When you use a debit card to pay for a good or service, this is simply the electronic equivalent of writing a check or handing over cash--which is why debit cards are also called electronic fund transfer (EFT) cards. It's important, however, to note the distinction between credit cards and debit cards. Namely, laws governing debit card charges fall under the Electronic Fund Transfer Act, rather than the Fair Credit Billing Act. If you don't act quickly to contest debit card charges you believe are the result of error or theft, your liability for unauthorized charges may be substantially more than the $50 liability established by the FCBA for unauthorized credit card charges.
Things You'll Need
Handling Debit Card Errors
Notify the financial institution of the charge you wish to contest within 60 days of the date of your statement that reflects the charge. You'll most likely want to telephone the institution directly, but the Federal Reserve Board states you can also write the institution and inform them of the charges you wish to contest.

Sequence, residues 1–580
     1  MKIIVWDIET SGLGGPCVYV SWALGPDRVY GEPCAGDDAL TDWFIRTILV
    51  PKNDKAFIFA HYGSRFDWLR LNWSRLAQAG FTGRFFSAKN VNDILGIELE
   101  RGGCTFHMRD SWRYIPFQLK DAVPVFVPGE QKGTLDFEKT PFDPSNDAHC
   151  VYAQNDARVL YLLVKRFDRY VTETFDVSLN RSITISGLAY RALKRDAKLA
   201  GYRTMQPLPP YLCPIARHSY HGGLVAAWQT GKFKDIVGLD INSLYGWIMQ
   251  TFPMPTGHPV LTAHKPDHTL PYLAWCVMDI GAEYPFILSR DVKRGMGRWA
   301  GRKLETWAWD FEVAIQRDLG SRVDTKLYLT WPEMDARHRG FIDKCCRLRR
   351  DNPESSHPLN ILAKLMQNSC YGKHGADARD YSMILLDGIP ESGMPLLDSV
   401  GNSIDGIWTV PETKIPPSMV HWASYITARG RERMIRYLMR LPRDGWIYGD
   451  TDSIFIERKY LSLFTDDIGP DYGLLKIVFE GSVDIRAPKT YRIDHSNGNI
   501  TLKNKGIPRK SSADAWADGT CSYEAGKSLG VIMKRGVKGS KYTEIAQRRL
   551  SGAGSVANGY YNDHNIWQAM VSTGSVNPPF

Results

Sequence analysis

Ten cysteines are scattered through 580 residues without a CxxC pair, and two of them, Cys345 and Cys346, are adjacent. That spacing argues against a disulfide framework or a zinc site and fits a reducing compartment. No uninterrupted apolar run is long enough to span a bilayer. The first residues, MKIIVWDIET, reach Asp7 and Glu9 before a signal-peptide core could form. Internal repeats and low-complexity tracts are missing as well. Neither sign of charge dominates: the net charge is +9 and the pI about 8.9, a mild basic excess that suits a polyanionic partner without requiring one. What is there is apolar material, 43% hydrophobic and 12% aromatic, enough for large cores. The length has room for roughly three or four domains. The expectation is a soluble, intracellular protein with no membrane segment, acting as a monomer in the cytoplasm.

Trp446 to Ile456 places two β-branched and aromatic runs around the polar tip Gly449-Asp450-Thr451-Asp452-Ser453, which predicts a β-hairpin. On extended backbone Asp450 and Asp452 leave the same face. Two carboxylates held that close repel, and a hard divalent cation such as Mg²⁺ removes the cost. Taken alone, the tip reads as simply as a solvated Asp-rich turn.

Provide the financial institution the following information: your name, account number, the dollar amount of the contested charge, the date of the charge and the reason why you wish to contest it.
Give the financial institution 45 days to look into the charges and resolve the issue. The FRB notes that if your account was opened within the last 30 days or for foreign and point-of-sale transactions, the institution is given latitude to extend the amount of time to investigate the charge to 90 days.
Anticipate one of two outcomes. Either the financial institution will recredit your account or will tell you in writing why it believes no error occurred.
Tips & Warnings
- According to the FRB, your liability is limited to $50 if you notify your financial institution within two days of discovering your debit card has been lost or stolen. Typically, your financial institution will put the charged amount back into your account if it takes more than 10 business days to investigate and resolve a contested debit charge, or 20 days for accounts opened in the past 30 days.
- Contesting debit card charges within the 60-day window is extremely important. If, for example, a thief steals your debit card and makes small charges you don't notice within the 60-day window, you may risk losing everything in your account if the card is used by the thief past that time.
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